Yale May Have Discovered Reason for the Female Protective Effect

Girls Require a Larger “Genetic Hit” than Boys to Develop ASD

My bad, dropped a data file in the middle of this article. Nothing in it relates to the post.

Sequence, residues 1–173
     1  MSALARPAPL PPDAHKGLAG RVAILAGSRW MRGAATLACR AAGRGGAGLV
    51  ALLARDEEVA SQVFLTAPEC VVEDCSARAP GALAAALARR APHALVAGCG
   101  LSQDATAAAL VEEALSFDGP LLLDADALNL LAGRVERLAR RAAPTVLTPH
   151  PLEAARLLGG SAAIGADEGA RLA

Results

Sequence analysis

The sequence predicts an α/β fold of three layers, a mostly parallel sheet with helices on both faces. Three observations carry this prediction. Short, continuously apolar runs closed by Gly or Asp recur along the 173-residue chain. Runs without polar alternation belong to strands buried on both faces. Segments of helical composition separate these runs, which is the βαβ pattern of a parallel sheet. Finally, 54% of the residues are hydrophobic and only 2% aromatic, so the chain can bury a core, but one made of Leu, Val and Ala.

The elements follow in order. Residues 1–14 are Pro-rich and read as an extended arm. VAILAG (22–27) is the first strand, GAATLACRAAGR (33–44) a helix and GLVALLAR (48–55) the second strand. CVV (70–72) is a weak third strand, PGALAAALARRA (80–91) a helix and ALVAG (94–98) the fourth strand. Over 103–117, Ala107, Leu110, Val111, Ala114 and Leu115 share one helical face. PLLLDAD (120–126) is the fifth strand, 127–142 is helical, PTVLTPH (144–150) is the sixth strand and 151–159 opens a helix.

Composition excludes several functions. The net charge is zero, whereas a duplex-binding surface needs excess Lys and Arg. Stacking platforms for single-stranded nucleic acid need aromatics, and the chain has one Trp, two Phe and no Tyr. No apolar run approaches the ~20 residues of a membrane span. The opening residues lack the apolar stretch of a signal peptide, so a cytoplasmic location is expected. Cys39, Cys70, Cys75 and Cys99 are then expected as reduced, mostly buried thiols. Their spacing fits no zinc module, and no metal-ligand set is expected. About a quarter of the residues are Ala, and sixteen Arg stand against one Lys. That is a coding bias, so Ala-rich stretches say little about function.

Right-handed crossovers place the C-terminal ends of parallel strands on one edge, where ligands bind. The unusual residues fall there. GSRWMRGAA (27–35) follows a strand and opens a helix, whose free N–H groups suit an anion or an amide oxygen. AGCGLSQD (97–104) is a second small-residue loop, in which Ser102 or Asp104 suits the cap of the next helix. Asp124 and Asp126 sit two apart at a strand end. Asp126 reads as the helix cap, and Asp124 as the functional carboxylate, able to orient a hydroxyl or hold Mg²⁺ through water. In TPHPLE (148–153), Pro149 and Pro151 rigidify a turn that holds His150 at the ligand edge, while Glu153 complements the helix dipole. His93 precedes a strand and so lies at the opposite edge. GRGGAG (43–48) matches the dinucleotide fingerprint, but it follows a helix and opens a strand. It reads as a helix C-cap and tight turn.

A recent Yale-led study has discovered that autism develops in different areas of the brain for  girls than it does for boys. The researchers involved in this study also found that girls have a larger number of genetic mutations than boys suggesting that females need a larger “genetic hit” in order to develop the disorder. This discovery falls in line with the long recognized fact that boys are four times more likely than girls to receive an autism diagnosis. This imbalanced rate of autism between the sexes has been often referred to as the female protective effect, which has been poorly understood for decades. To shed more light on this effect, the researchers studied a balanced sample of boys and girls ages 8 to 17. This first  cohort was composed of 45 girls with autism and 47 boys with autism. The other cohort had 45 typically developing girls and 47 typically developing boys. By using a brain imaging technology called functional magnetic resonance imaging (MRI), the researchers studied how the brains of the youngsters with and without autism process human motion. Past studies, which almost exclusively relied on male subjects, found that a part of the brain called the posterior superior temporal sulcus is active in the social perception in typical children but less responsive for kids with autism. After using the MRI technology on both the study’s cohorts, the authors discovered the posterior superior temporal sulcus region constitutes a “neural signature” for autism in boys but not necessarily for girls. The neuroimaging showed that girls have a different area of the brain, called the striatum, that is more involved in processing human motion. The research team went one step further to probe into these sex based differences. After examining genetic data from the Simons Simplex Collection, they found that there was a larger number of copy number variations containing genes expressed in the same region of the brain, the striatum, for girls with autism. The study’s authors suggest that their findings may provide a clue into what is driving the female protective effect that makes girls less susceptible to autism. 

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